California Heat Assessment Tool (CHAT)
The California Heat Assessment Tool (CHAT) was developed to help state and local public health officials understand how heat vulnerability will change with increasing temperatures due to climate change. The tool helps users identify heat vulnerable areas based upon changes in high heat days under different climate scenarios and social, health and environmental vulnerability factors. The study defines "Heat Health Events" (HHEs) as heat events that cause negative public health impacts - and the study found that vulnerable groups may be more sensitive to high-heat days by as much as 6 to 8 degrees Fahrenheit as compared to the general population. The tool helps users determine how climate change will affect the severity, duration, and shifts in timing of HHEs under different emissions scenarios.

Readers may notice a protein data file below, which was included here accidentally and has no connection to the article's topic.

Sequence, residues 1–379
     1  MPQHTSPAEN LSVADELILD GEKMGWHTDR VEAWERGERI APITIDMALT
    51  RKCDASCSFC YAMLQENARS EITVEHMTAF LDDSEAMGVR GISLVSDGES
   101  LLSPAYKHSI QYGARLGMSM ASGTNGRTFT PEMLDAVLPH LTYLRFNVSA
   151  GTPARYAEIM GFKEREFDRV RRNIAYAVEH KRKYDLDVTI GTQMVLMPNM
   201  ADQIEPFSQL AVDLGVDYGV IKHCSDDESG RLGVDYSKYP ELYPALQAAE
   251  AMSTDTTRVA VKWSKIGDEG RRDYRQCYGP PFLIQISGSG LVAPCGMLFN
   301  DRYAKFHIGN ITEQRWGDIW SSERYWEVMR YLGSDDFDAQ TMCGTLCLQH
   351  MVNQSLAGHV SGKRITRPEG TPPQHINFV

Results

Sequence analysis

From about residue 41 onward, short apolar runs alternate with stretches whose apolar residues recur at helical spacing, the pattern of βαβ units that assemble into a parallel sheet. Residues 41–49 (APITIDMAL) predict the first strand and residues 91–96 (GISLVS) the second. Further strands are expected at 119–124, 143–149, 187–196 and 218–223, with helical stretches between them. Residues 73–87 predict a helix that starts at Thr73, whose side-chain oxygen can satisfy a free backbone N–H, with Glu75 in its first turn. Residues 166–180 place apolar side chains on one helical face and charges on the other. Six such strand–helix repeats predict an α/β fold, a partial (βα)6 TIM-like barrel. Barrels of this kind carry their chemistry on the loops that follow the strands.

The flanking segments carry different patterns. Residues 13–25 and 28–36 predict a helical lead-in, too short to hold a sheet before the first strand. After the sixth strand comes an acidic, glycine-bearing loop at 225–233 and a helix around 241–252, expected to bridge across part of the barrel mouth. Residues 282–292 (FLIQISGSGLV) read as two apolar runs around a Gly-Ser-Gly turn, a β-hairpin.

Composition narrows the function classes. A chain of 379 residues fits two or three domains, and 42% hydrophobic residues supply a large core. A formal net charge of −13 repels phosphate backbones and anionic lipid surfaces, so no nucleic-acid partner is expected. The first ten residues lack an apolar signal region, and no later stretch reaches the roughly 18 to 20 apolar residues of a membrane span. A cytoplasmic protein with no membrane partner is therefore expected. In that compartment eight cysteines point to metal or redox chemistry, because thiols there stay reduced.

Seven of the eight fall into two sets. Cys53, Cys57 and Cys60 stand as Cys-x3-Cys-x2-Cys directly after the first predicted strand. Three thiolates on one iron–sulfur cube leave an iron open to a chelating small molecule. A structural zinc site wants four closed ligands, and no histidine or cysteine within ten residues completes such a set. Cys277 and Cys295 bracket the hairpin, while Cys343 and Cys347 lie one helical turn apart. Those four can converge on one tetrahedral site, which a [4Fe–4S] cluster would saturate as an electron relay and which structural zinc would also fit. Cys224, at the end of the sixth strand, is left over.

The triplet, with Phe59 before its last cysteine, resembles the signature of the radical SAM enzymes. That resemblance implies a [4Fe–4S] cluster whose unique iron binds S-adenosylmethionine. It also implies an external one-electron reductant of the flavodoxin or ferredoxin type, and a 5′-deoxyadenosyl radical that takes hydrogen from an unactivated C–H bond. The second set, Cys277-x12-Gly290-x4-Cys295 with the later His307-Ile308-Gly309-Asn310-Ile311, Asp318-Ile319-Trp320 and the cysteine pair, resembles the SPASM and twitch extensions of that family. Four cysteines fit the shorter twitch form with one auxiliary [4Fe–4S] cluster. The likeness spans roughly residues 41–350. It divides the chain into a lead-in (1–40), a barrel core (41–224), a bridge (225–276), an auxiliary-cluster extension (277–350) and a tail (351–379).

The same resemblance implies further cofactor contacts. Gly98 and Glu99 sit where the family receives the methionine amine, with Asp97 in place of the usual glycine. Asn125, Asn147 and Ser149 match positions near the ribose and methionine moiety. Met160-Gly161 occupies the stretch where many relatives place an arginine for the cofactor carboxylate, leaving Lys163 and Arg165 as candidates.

Users can map projected changes in HHEs and assess heat vulnerability using a range of different indicators including:
- social vulnerability (e.g., education level, poverty, access to vehicles, linguistic isolation, outdoor workers)
- health factors (e.g., rates of asthma, child birth weights, and rates of cardiovascular disease), and
- environmental factors (e.g., particulate matter concentrations, ozone exceedances, percent impervious surfaces, percent lacking tree canopy, urban heat islands).
A resource page allows users to download data and access trainings and a technical summary of the findings from the research. This page also provides information about groups that can provide technical assistance on heat vulnerability and health - and offers resources describing solutions for reducing urban islands, protecting seniors, preventing heat illness, and increasing tree canopy.
CHAT was developed by Four Twenty Seven, Inc. in partnership with Argos Analytics, Habitat Seven, and the Public Health Institute. The work was funded by the California Natural Resources Agency as part of development of the state's Fourth Climate Change Assessment.
Publication Date: 2019
- Four Twenty Seven
- California Natural Resources Agency